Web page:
'All you know about luck for certain is that it's bound to change,' wrote US poet Bret Harte in his 1871 classic The Outcasts of Poker Flat.
'When, oh when?' Interpublic Group is plaintively inquiring.
The beleaguered agency holding company - the world's third largest by annual billings - learned Wednesday that its largest client General Motors is to consolidate its $3.6 billion (€2.81bn; £1.92bn) media planning and buying assignment with Publicis Groupe's General Motors Planworks in Detroit.
Hitherto Planworks handled only media planning, with buying the remit of IPG's GM Mediaworks - a unit of Publicis' Starcom MediaVest network. Now, in the wake of a lengthy review, GM has decided to consolidate the entire media assignment with the Publicis unit.
However, the creative element of the auto giant's advertising is unaffected by the decision and remains spread across a number of IPG shops.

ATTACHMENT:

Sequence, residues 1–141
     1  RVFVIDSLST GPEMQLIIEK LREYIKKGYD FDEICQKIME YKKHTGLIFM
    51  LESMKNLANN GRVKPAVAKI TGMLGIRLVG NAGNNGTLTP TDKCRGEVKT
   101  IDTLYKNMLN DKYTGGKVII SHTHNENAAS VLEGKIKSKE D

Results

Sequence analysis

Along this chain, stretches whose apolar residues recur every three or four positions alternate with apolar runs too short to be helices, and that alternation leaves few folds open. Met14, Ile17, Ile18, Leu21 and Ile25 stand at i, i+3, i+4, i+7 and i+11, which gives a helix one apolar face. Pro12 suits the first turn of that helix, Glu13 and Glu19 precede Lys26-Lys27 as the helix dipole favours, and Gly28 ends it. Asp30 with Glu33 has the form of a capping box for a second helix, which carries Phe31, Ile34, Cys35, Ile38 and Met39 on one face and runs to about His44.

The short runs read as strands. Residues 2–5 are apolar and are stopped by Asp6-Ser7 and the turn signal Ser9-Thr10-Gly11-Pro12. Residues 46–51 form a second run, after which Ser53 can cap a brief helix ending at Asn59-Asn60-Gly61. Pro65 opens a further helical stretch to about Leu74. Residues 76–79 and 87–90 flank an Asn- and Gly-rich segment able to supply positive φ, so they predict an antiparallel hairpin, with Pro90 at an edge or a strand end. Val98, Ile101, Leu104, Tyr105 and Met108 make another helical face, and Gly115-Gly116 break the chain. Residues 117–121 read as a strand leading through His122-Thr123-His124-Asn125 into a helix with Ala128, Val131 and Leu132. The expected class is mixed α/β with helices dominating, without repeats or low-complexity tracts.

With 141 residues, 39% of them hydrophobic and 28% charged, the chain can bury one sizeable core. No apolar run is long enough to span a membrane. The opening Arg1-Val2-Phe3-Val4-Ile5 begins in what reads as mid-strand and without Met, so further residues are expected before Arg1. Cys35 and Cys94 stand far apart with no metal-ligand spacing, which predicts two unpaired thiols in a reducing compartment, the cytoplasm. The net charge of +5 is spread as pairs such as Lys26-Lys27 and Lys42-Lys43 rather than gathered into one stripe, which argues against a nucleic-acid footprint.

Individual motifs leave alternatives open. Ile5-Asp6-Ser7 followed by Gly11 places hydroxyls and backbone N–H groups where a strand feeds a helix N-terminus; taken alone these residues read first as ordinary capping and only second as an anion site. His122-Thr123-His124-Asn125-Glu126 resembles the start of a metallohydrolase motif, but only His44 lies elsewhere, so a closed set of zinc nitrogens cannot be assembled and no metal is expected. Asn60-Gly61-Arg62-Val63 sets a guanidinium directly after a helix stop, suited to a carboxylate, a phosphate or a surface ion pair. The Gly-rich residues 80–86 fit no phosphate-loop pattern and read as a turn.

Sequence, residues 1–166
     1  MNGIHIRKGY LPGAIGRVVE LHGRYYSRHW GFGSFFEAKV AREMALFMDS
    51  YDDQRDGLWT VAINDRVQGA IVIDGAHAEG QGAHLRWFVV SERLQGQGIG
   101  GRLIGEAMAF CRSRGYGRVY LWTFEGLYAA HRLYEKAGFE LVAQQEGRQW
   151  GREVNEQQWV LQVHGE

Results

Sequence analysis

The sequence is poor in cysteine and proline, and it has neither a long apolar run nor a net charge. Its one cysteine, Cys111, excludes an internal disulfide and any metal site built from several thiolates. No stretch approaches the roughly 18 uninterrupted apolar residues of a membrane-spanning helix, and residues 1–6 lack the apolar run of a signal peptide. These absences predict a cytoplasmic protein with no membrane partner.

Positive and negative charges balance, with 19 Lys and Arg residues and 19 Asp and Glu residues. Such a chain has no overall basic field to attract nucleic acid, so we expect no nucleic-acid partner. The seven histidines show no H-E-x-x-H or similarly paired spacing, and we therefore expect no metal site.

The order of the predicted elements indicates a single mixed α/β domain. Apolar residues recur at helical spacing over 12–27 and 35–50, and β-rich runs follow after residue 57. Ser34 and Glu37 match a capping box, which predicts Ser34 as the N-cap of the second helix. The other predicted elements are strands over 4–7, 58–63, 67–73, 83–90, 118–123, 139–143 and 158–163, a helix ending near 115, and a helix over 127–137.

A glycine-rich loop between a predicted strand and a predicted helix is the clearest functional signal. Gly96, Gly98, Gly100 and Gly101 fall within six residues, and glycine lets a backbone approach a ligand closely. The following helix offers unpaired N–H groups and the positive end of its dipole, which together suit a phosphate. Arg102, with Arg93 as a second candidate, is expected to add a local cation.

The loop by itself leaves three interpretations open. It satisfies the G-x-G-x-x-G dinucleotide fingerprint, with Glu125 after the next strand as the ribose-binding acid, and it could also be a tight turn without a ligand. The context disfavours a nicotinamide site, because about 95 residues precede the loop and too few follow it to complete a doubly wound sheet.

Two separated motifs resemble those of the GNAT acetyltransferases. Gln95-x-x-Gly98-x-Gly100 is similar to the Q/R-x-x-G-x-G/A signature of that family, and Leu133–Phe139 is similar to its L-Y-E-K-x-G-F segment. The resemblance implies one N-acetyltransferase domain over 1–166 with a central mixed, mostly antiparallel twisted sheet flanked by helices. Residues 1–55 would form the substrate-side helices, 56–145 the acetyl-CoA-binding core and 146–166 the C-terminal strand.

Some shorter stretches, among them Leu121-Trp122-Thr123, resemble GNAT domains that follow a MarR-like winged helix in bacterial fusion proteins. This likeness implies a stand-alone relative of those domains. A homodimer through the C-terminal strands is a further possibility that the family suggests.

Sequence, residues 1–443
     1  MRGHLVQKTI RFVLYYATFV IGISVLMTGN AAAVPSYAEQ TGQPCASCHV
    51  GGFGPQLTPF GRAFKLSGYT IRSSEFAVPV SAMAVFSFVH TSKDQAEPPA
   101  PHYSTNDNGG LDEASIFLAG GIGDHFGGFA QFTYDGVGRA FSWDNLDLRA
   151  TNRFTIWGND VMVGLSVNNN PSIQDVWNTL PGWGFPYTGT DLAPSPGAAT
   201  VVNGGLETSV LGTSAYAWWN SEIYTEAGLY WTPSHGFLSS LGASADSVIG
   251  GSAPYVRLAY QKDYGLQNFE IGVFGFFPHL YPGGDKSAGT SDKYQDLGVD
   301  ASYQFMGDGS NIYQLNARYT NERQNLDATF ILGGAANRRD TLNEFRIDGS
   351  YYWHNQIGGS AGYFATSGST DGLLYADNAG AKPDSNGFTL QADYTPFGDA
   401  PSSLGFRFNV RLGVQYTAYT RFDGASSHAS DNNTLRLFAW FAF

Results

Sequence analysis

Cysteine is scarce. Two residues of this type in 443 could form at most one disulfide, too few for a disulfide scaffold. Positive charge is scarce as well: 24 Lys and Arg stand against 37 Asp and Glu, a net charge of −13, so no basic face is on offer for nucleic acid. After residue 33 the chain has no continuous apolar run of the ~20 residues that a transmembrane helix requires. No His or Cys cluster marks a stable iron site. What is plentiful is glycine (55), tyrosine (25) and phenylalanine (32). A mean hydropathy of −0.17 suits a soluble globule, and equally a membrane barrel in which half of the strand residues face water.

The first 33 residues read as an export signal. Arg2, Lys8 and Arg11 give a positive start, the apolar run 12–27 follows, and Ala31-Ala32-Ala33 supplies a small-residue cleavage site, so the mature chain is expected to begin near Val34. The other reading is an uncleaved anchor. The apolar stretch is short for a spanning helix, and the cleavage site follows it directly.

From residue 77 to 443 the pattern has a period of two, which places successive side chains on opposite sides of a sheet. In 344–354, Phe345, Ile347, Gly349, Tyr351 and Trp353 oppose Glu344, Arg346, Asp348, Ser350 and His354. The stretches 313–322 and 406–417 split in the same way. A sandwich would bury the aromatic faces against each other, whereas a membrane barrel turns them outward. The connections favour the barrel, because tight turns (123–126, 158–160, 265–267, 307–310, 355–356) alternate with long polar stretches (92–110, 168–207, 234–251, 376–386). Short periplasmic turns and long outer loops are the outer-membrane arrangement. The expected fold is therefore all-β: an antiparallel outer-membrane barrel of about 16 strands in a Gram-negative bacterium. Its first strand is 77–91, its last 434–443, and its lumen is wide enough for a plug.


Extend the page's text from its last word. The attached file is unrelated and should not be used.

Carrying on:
According to GM Planworks president Dennis Donlin, the combination of media buying and planning under one roof will benefit GM. "The new model requires kind of a seamless dialog between planning and buying, and that's what we're trying to set up," he said.
In a statement yesterday, IPG co-chairman/ceo Michael I Roth said: "We put together a very strong team and an excellent proposal for General Motors' domestic media needs. While we regret that this decision did not favor us, General Motors remains a valued client and business partner."
UBS' senior analyst Brian S Shipman opines in a note to investors that although the news is unwelcome for Interpublic, it's not catastrophic. "While we view this loss as a disappointment, the company has demonstrated its operational competitiveness with recent wins at Nokia and Intel," Shipman wrote.
Data sourced from New York Times; additional content by WARC staff